Patient-reported swelling did not perform well as a proxy for magnetic resonance imaging (MRI)-identified effusion-synovitis in patients with knee osteoarthritis (OA) and meniscal tear, according to the results of a study published in Arthritis Care & Research.

Baseline data were taken from participants enrolled in the Meniscal Tear in Osteoarthritis Research (MeTeOR) trial, a randomized clinical trial of arthroscopic partial meniscectomy (APM) vs physical therapy (PT) for management of symptomatic meniscal tears. A total of 276 participants were recruited from 7 academic referral centers between June 2008 and July 2011. Patients were ≥45 years, had a non-contrast MRI of the knee with evidence of meniscal tear extending to the meniscal surface, and had at least 4 weeks of meniscal symptoms.

Demographics were collected at baseline and patient-reported swelling was assessed using a questionnaire and categorized as either no swelling, intermittent swelling, or constant swelling. Sensitivity analysis was performed to further investigate the relationship between patient-reported swelling and MRI-identified effusion-synovitis.


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Of the 276 participants, 25% reported no swelling, 40% reported intermittent swelling, and 36% reported constant swelling. Mean age was similar across swelling categories, ranging from 58 to 59 years. In addition, women comprised 69% of the participants reporting constant swelling, 51% reporting intermittent swelling, and 47% reporting no swelling. The Knee Injury and Osteoarthritis Outcome Scores, which assessed overall patient-reported pain, were greater in patients with constant swelling (54 points) compared with patients with intermittent swelling (45 points) or without swelling (38 points; P <.01).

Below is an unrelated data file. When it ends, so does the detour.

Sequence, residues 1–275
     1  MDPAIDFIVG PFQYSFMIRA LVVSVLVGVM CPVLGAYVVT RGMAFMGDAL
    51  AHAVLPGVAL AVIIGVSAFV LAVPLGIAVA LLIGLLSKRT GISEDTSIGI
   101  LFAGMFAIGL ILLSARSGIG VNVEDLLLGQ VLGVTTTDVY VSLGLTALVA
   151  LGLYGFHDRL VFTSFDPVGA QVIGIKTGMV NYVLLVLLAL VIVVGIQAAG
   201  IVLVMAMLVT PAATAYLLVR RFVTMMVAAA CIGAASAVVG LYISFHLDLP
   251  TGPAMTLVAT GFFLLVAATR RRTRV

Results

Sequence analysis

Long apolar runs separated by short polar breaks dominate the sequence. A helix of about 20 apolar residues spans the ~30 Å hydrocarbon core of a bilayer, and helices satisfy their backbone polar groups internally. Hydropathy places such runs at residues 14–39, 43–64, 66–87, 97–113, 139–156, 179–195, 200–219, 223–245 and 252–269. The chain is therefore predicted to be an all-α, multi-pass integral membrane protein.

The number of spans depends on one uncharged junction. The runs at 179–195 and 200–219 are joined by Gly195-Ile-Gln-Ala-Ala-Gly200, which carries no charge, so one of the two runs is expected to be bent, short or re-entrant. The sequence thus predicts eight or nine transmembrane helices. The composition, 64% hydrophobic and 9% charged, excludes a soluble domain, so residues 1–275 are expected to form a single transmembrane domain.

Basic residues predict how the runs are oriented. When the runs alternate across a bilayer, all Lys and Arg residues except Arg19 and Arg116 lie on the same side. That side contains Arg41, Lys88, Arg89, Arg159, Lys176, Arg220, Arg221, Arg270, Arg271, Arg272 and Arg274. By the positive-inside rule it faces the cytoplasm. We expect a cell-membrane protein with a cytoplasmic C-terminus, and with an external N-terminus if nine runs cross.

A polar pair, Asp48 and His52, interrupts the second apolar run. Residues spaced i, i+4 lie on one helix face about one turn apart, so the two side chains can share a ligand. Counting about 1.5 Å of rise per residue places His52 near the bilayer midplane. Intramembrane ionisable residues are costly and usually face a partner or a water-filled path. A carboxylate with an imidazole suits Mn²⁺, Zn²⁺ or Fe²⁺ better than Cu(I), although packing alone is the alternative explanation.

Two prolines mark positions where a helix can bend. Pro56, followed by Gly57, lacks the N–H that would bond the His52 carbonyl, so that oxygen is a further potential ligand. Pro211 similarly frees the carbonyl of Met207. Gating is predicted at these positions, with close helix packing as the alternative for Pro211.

When patients who reported any swelling, including intermittent and constant, were included in order to calculate sensitivity, specificity, and positive predictive value (PPV), swelling had a sensitivity of 84% (95%, CI 77%-89%), specificity of 34% (95% CI, 26%-43%), PPV of 57% (95% CI, 54%-61%), and positive likelihood ratio of 1.3 (95% CI, 1.1-1.5) compared with MRI-identified effusion-synovitis. After applying a more stringent cut-point of constant swelling vs intermittent and no swelling, sensitivity was 46% (95% CI, 37%-54%), specificity was 75% (95% CI, 67%-82%), PPV was 66% (95% CI, 58%-74%), and positive likelihood ratio was 1.8 (95% CI, 1.3-2.6) for effusion-synovitis on MRI.

One limitation of the study was that although effusion-synovitis identified on non-contrast MRI is frequently used as a proxy for effusion and synovitis in clinical studies, non-contrast MRI cannot be used to differentiate between effusion and synovitis. In addition, clinical assessment of effusion via physical exam was not recorded as part of the trial, and the authors could not evaluate the relationship between clinical exam evidence of effusion, MRI-identified effusion-synovitis, and patient-reported swelling. The investigators noted that this would have been useful in limiting the role of participant subjectivity. Also, the inclusion of patients with concurrent OA and meniscal tear made it difficult to discern whether OA, meniscal tear, or a combination of the two drove patient-reported swelling or effusion-synovitis as noted on MRI.

The authors advised that a firmer understanding of the association between patient-reported swelling and the presence of effusion and synovitis on imaging could help clinicians stratify patient risk. They further cautioned against using patient-reported swelling as a proxy of synovitis in patients with OA and meniscal tear.

Please see original article for a full list of disclosures.

Reference

Macfarlane LA, Yang H, Collins JE, et al. Relationship between patient-reported swelling and MRI-defined effusion-synovitis in patients with meniscus tears and knee osteoarthritis [published online May 4, 2018]. Arthritis Care Res. doi:10.1002/acr.23592